Social’s Revenue Funnel

Understanding the Linear Lifecycle to Highlight Social Media's Place in the Revenue Funnel

Does social media have a place in the revenue funnel? As surprising as it sounds in today's digital marketplace, it depends on who you ask and how you look at the data. If you ask me, and Digital Travel Connect did, so I attended an Oxford-style debate at The Palace of Versailles in November 2016 (and won), yes - social media absolutely has a place in revenue generation!

The number one issue today when looking at returns from channels such as social media is last touch attribution. Using this narrow lens, an injustice occurs to nearly every top-of-funnel channel, including social. A critical part of defining your digital success is correcting this issue.

Identifying Your Funnel

Draw your current sales funnel on a piece of paper. Fill in all your active channels as either top, middle or lower touch channels. Chances are, it will look similar to the one I've drawn below:


Unless your business is strictly mobile, app or social (Snapchat, Instagram, etc), you play in many of the channels highlighted - and given my background in travel I've included meta search.

Many senior level leaders allocate budgets strictly according to returns. I've heard too many times in my career, "Why should I put funds into social? I can get a much better return in PPC."

Google evangelist Avinash Kaushik stated that every consumer, regardless of the product or service, will fall into three buckets within your funnel: See, Think, Do - essentially top, middle or bottom. Simply explained, "See" is the largest addressable qualified audience, "Think" is they are considering an action, "Do" is they are ready to act.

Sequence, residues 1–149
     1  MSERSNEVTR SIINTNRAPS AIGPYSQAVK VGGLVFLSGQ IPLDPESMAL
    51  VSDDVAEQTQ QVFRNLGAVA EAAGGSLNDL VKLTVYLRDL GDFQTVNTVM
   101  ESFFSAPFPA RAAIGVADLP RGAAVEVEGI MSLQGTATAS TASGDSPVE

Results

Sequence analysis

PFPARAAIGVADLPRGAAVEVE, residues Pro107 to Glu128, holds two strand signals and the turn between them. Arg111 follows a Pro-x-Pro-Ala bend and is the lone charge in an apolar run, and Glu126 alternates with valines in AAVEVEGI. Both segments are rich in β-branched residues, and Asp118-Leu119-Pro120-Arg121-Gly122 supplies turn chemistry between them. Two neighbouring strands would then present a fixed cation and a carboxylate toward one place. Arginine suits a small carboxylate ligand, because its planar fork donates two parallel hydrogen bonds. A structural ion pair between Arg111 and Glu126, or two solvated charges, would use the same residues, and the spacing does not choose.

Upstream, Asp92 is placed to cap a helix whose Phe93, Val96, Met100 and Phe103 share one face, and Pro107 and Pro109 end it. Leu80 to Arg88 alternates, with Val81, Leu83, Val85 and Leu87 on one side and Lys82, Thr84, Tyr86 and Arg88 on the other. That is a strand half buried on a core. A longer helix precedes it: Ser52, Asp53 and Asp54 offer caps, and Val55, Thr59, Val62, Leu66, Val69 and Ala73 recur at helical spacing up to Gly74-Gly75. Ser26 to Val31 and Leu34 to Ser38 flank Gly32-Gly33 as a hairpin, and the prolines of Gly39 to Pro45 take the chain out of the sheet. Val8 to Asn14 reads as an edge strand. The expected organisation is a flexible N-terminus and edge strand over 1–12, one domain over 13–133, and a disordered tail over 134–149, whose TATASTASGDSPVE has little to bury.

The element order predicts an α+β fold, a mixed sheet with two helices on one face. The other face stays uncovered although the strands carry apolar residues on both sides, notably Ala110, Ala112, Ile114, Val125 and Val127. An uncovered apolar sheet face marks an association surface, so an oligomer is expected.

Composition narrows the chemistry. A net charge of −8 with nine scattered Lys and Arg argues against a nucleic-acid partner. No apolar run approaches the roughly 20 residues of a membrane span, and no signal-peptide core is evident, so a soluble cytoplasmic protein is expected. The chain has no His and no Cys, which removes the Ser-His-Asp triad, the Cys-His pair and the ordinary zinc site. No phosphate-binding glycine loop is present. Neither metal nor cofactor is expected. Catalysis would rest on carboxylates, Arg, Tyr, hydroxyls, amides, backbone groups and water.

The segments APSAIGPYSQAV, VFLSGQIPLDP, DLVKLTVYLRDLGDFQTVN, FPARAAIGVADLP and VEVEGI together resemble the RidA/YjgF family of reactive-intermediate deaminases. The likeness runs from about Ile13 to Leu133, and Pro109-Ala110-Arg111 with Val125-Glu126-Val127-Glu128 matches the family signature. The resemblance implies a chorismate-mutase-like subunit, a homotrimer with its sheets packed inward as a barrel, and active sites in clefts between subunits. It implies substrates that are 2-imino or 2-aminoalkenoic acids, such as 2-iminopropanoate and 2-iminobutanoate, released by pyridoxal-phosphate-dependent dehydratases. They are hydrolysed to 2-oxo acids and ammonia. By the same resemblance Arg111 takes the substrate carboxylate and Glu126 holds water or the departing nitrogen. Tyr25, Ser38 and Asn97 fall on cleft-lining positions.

A clever way to map this out is to look at what I call the "Linear Lifecycle" to see if in fact your funds are going where your guests are spending most of their time engaging with your brand.

Take the standard lifecycle and "buyer's journey" that we've all seen before:


Stretch out the lifecycle as a linear function, assigning weighting or resources against each step, making it look like a bar graph. You can use revenue, visits, time on site, any other engagement metric that is relevant to your business and your story:


The way to read this graph is to take the consumer's chronological touch points and interactions with your channels and associate your revenue streams against each respective channel in your funnel - "See" channels versus "Think" channels versus "Do" channels. I've also added in "Care" as there is post-purchase considerations to be made, especially when considering lifetime value and residual service. "Care" channels can be similar to "See" channels to nurture the buyer back into the top of your funnel again.

This layout highlights where you are spending most of your time and budget versus where your greatest impact is (or should be) for your guests (using "revenue" as the metric for this example but would also work for "visits", etc).

Some of you may correlate very well, some of you won't. For those who don't, consider better aligning your budget and efforts to do greater justice to your top-of-funnel channels, like social and you will find it has high downstream impact to bottom line revenue.

Develop a strategy for each stage of the buyer's journey and make sure you are speaking in a language that addresses where the consumer is at each respective stage of your funnel via your correlated marketing channels.

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